Fax Messenger Plus is much more than a tool for reading, sending and printing faxes. The software can combine fax files into a single document and supplies a number of basic graphic and text tools for annotating and stamping faxes. eFax Plus account subscribers can also use Fax Messenger Plus' optical character recognition technology to convert a fax to text.
Another nice touch is the ability to "fax" a computer document to a file. The fax document can then be e-mailed to non-eFax subscribers after embedding it in a self-extracting viewer or converting the fax into a JPG or TIFF file using the Fax Messenger's export command.
eFax proved to be extremely reliable and easy to use in my testing. The only problem I noticed was that the eFax send button would disappear from my Paint Shop Pro menu bar if I clicked on the menu bar outside the command buttons.
Fax1.com (fax1.com or www.fax1.com) is a no-frills, low-cost fax service. Like eFax, Fax1 provides a free long-distance fax number with unlimited free receipt of faxes. There is no monthly service fee for sending faxes. Instead, subscribers deposit a minimum of $25 into their fax account. Each time a fax is sent, per-page charges are deducted from the account balance. Fax1 faxes cost approximately 12 cents per page to U.S. destinations; the Fax1 international rates are typically cheaper than eFax.
Fax1 requires two simple utility programs -- a settings program that holds the user's fax phone number and account user name and password, and a Sent Faxes utility that provides fax log and phone book. Faxes are received as TIFF files viewed with the graphics viewer functions of your e-mail software.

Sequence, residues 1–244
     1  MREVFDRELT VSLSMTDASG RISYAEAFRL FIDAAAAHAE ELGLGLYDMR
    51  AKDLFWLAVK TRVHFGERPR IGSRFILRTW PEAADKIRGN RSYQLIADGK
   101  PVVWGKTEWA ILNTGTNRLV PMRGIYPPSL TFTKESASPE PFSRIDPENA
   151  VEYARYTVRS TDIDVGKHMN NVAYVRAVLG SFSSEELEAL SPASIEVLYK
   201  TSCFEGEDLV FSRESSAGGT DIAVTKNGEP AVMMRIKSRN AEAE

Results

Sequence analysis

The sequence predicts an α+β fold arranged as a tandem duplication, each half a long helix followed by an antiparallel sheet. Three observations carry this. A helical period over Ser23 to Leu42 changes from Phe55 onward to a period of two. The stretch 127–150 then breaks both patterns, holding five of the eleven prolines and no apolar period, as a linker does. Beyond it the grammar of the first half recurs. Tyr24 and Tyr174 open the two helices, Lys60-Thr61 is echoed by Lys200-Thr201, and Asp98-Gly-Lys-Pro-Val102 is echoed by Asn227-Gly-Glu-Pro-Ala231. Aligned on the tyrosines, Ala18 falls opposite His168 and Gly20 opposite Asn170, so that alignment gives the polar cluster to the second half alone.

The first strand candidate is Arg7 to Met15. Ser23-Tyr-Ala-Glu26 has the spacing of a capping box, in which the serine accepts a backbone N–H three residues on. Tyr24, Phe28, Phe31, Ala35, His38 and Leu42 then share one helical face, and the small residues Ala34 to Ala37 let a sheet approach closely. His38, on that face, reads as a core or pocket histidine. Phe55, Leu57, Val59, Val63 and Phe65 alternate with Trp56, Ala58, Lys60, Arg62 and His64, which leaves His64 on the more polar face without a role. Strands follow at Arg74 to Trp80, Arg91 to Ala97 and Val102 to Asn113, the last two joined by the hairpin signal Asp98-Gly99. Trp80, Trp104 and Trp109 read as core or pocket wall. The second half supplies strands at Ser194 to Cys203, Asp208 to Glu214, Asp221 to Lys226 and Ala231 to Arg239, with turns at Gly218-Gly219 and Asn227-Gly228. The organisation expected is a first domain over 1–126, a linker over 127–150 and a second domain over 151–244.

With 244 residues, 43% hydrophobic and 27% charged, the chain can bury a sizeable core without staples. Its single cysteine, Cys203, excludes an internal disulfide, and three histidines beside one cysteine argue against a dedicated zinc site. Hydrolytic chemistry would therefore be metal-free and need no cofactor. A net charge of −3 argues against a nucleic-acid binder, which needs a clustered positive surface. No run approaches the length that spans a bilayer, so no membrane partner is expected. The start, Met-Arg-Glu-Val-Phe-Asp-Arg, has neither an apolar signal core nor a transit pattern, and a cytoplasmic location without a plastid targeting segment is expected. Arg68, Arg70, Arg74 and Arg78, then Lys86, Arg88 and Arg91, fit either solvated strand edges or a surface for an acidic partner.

While I like the no-frills, low-cost aspect of Fax1, several issues prevent me from giving the service a strong recommendation. The first problem I noticed was that faxes sent from a machine using standard resolution were distorted, appearing squashed vertically. Faxes sent using fine resolution appeared normal.
Next, my fax number has been perpetually busy for the last week to anyone sending from a fax machine. E-mail and Web faxes still work. I'm working on the problem with Fax1's customer service.
Other Internet Fax Options
While my research indicated that eFax and Fax1 are the most economical Internet fax services, there are others interested in your business -- Fax Cube (www.faxcube.com), Fax Mission (www.faxmission.com) and J2 (www.j2.com) -- that you may want to evaluate. If you're interested in adding Internet fax services to your network, check out the @fax.com Internet fax portal (www.atfax.com).
Regular readers know that I'm a big advocate of cable and digital subscriber line (DSL) broadband Internet services. My enthusiasm was tempered in mid-May when I encountered serious network problems with my service provider, MediaOne. The problems continued until mid-November.
The six-month wait was unbearable. By the time August rolled around, I considered dropping MediaOne and going with one of the local DSL service providers in my area. Not wanting to trade one problem service for another, I decided to research potential vendors on DSL Reports (www.dslreports.com).
DSL Reports is a wonderful source of broadband information, including tools to help fine-tune your computer for the best performance and user ratings of various cable and DSL vendors. Unfortunately, I found that broadband problems are almost universal, and the reports on my local DSL providers did not look good. I decided to stick it out with MediaOne.
Anyone interested in broadband Internet access should comparison-shop at DSL Reports before committing to a service. It's well worth the time.
Contributing Editor Michael Blotzer, MS, CIH, CSP, author of "Internet User's Guide for Safety and Health Professionals," is an occupational hygiene and safety professional, writer and computer enthusiast who brakes for animals on the information superhighway. He can be reached by mail addressed to Occupational Hazards, by fax at (216) 899-1581 or by electronic mail at mblotzer@ mediaone.net.